It’s a wonderful thing to have a good friend you can count on, to talk to, reminisce, and just touch base with. It’s even more so when you’re looking at the finish line, I think. For Dad, most of his “friends” are dead. His family–mother, father, brothers–are long since dead. The last man standing for Dad is his friend, Big Jim. Through all of Dad’s shenanigans, Big Jim stuck around. Never judging–not really helping, either, but he never added to Dad’s problems. Big Jim’s been a steady guy. Always had a job. Never sucked off Dad who also always had a job unlike every other “friend” he ever had. Saved for retirement. Cared for his siblings through their health issues. He’s also always been good to my brother and me. That’s why I didn’t mind so much–all right, I minded a little–when Dad told me Big Jim was coming down.
This past week as we awaited Big Jim’s arrival, I could see a change in Dad. His spirit was lighter. He wanted to do things. I noticed his apartment was significantly cleaner. He called to have me take him to the barber. He called to have me take him to the grocery. (Of course, he could have done the barber and the grocery all in one trip since the establishments are directly across from each other–I offered–but he didn’t). He wanted to know how to make chili so he could have a pot ready for Big Jim when he got in. I printed off a good Betty Crocker version, which was one of the easiest, got Dad some spices and a ring of measuring spoons, and let him go to town.
Each day Big Jim traveled, Dad called me with updates. He’s in Louisville. He’s outside Atlanta. The closer Big Jim came, the more calls I received. I appreciated Dad’s enthusiasm, but I grew apprehensive the nearer Big Jim came. How were my responsibilities going to grow? Will the boys get into trouble like they had before? How much time will I need to devote to the two of them? How much will my work suffer?
It didn’t take long for me to find out that I would be called upon. Big Jim was lost. He missed his exit and got twisted up. He called Dad for directions. Dad, who hasn’t driven since the ’80s, had never been where Big Jim wound up. Dad called me for directions to relay to Big Jim. Like that was going to work. Dad couldn’t really explain where Big Jim was. Why Big Jim didn’t just call me directly, I don’t know. He had my number. I had him describe where he was, and I thought I knew where he was. Not more than a few miles away if I was correct. I stopped writing, hopped in the car, and headed out. I found Big Jim parked at a McDonald’s about six miles away from Dad’s place (and mine).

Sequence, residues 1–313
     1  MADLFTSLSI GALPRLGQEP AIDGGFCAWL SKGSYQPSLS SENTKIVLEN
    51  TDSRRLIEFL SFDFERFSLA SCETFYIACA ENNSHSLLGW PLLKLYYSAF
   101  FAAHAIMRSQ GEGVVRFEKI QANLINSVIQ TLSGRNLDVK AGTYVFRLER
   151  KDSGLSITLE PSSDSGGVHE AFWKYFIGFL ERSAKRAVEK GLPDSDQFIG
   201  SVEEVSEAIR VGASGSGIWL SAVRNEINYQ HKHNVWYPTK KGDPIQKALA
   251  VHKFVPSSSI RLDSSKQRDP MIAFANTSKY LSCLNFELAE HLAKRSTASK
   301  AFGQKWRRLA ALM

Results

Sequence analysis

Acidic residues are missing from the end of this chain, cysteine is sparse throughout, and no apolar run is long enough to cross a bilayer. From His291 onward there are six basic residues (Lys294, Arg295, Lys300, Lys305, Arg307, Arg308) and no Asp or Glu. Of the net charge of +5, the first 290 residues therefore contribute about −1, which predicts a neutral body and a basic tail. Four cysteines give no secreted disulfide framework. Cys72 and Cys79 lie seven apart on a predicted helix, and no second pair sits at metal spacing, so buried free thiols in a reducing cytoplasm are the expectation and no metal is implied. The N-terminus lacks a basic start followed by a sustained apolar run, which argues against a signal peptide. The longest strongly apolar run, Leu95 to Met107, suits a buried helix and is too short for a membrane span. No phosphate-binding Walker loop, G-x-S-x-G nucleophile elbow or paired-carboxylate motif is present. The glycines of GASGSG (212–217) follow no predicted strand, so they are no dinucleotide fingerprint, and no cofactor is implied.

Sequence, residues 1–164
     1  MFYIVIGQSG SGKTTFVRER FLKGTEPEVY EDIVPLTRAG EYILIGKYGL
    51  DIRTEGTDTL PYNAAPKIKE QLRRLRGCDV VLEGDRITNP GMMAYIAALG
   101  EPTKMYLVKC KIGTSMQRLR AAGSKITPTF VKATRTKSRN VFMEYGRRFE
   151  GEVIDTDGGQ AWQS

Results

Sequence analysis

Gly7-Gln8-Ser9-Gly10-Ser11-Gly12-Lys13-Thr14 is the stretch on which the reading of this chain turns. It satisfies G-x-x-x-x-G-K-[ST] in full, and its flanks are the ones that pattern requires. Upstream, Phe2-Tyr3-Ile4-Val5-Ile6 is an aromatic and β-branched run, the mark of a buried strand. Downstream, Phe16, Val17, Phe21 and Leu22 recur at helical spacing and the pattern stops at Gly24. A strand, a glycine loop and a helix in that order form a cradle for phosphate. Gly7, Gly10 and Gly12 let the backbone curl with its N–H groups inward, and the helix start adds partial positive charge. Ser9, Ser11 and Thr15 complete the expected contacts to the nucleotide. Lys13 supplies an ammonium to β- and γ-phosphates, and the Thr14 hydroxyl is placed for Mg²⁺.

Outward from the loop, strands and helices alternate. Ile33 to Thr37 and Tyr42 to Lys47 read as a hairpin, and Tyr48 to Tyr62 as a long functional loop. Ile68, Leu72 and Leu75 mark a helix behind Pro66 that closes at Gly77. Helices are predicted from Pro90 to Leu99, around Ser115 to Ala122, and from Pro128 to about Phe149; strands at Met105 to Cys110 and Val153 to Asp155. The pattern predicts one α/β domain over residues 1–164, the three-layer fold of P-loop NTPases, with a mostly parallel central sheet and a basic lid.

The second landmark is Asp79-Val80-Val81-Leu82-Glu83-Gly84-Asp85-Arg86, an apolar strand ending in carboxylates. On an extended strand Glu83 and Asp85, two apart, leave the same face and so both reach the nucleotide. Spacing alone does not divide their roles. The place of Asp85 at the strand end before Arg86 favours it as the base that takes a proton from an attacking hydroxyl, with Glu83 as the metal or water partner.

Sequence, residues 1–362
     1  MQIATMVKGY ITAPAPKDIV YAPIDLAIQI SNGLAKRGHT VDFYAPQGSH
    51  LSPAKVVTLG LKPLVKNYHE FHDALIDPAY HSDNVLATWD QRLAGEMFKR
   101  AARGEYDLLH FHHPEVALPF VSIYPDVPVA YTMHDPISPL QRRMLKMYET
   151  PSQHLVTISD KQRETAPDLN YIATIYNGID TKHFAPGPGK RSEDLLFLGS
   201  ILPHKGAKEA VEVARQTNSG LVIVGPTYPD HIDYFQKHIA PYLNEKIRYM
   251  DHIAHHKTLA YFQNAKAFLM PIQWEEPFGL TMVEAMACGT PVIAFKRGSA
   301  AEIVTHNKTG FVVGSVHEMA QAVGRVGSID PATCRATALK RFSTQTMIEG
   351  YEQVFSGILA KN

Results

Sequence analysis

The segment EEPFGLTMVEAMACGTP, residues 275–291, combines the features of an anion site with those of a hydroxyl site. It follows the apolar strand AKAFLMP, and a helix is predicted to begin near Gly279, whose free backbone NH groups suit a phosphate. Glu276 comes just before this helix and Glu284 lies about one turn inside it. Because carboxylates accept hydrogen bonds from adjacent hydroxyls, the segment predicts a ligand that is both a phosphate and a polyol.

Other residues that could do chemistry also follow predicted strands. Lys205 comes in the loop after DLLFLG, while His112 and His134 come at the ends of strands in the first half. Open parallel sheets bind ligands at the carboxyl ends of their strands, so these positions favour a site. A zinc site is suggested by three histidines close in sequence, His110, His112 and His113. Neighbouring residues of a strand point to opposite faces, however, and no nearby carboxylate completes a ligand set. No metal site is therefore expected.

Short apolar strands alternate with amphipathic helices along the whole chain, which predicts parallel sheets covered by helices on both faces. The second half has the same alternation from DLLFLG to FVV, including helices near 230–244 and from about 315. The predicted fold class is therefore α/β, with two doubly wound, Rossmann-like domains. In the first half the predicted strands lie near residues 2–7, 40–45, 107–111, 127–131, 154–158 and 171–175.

Getting Big Jim to Dad’s was torturous. He doesn’t drive more than 25 or 30 miles per hour. If he drove that way all the way from Wisconsin, it’s a wonder someone didn’t ram him out of frustration.
As we pulled in to Dad’s, Dad came barreling out (as best as he could barrel) to greet Big Jim. It had been years, maybe since 2001, since they’d seen each other. We each unpacked the back of the car and made our way inside. Dad was jabbering. Big Jim was giggling. I just stayed back and watched. We gave Big Jim the nickel tour of Dad’s apartment, and the boys sat down to rest. Within minutes, Dad remembered how to play host and the boys sat down to chili and Diet Cokes.
The next day, mid-morning, I got a call letting me know where all the two had been. The diner, Home Depot. Turns out Big Jim brought down a flat screen so they could really enjoy their t.v. time. Also turns out neither of them knew how to hook it up. I had to turn to Andy to ask if he would mind hooking up the thing for them. It’s a bother. Dad’s been a weight on me since before Andy and I met, and with all the things Dad’s put me through, Andy doesn’t exactly appreciate being tapped to help. But he always helps. With the aid of our own HDMI cord, Andy was able to get the boys set up. Later that day, Dad called to let me know Big Jim and he decided to hire a maid–dad’s old caretaker who’s pushing 90 if she’s a day. I could only roll my eyes. There’s no reason two grown men can’t clean a one bedroom apartment on their own.
The following day, the boys were off to the Batteries Plus store to buy a phone battery for Dad. Forty-two dollars. Big Jim bought it. I’ll have to repay him. Dad isn’t trusted with money anymore, though I believe I may start giving him some so Big Jim doesn’t get stuck paying for everything.
I don’t know. That’s a big step. For me as well as him. There’s a matter of trust that he won’t try to buy everything, which is his mode of operation. I have to preserve his funds. He’s lost everything three times now. I’m trying to rebuild for him. I know it’s his money, but it’s my sanity that gets strained when it comes to Dad’s funds.